Friday, June 30, 2017

Psalm 1:3 - Blessed Beyond Measure

Psalm 1:3 – “He will be like a tree firmly planted by streams of water, which yields its fruit in its season and its leaf does not wither; and in whatever he does, he prospers.”

In studying this Psalm, we have seen what the blessed person does not do (v. 1). We have also seen what the righteous person does do (v.2). Instead of being enamored with the wisdom of the world, the blessed person delights in the Word of God. It holds his attention. It is a light to the feet (Psa
119:110). And it is always on his mind. “He meditates on it day and night” (1:2).

I can see the effects of meditation on the Word in my own life. When I am regularly reading, meditating, and praying through Scripture, I find that I am more heavenly minded. But when I neglect Scripture, I am more prone to focus on the things on earth (cf. Col 3:1-2). Being a pastor now, with Sunday coming quickly every week, I am in Scripture most of the day. That is one of the benefits of always preparing sermons, blogs, devotionals, etc. But I have not been a pastor for long. Before full-time ministry (especially in seminary!), I found it very difficult to keep my attention on Scripture. Our lives tend to be so busy. Time with God gets crowded out by so many trivial things. And it is to our detriment. Whenever I take time from a busy schedule to meditate and pray through the Scriptures, I always see benefit.

When I was first preparing sermons, I used to find myself spinning my wheels. Sometimes I would get nowhere for hours! Then I would realize that I was doing this all in my own strength. I was not meditating on the Scriptures. I was not praying through the Scriptures. Over the years, I have learned that those two are essential for sermon preparation. It is essential for life too!

What does the life of the blessed person who meditates on Scripture day and night look like? This psalm compares the blessed person to a tree. And not some dead and unkept tree. He is like a tree that has been transplanted. It is cared for. It is loved. The owner found it, and transplanted it next to channels of waters so that it would flourish. The abundant waters cause the tree to bring forth fruit in its time. Notice, the tree does not always bear fruit. There are regular periods when there is no fruit produced. But it always comes in its time. Even though there is not always fruit, there are always leaves. And they do not wither.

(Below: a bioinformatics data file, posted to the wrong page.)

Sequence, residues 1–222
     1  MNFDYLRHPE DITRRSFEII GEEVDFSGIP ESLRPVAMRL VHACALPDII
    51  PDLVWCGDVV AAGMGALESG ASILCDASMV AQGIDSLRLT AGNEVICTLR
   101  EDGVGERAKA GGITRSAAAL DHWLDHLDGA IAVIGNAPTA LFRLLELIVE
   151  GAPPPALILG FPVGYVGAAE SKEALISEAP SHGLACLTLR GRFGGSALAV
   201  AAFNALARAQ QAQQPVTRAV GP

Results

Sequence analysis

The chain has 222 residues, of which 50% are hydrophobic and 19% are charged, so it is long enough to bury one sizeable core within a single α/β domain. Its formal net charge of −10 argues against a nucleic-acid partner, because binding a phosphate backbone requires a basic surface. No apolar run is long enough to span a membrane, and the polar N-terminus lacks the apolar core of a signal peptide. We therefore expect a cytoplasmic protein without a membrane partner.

What does the symbolism mean? The blessed person is the tree which has been transplanted. God found us and transplanted us to His orchard where the streams of His Word flow. We are made to flourish there from the nourishment of the Word. And fruit is produced in its time. “He is not a freak. There are times for fruit-bearing just as there are times for growth and times for rest. So long as we are abiding in the Spirit we need not worry about the fruit. It will come in its season” (Phillips, 20). And we will never wither away spiritually. If we remain in the Word, constantly nourished by its waters, our spirit will always thrive. “If a tree is alive and being watered, it will show the proper growth; likewise if true believers are in the word, they will produce righteousness” (Ross, 190).

To elucidate this further, the psalmist gives us the final phrase of verse three. This is called emblematic parallelism (Ross, 190). The symbolic (or emblematic) language in the first half is now explained by a parallel statement. It is well-known that parallelism is an integral part of Hebrew poetry, and there are many kinds of parallelism. The psalmist explains the symbolic language by stating, “and all that he does prospers.” This is the reality intended by the simile of the tree. “This is not a blanket statement promising unlimited success; the context itself restricts the application. If the righteous meditate in God’s word, they will live in obedience to it—and doing that is what will succeed” (Ross, 191).

When we are nourished by the Scriptures, we will not walk in the counsel of the wicked or stand in the path of sinners or sit in the seat of mockers (cf. v. 1). Instead, we will delight in the words of God, and we will be blessed and made to prosper. There will be times of pruning. And that hurts. But it is for our good. Our Father always works everything for good to those who love Him (Rom 8:29).

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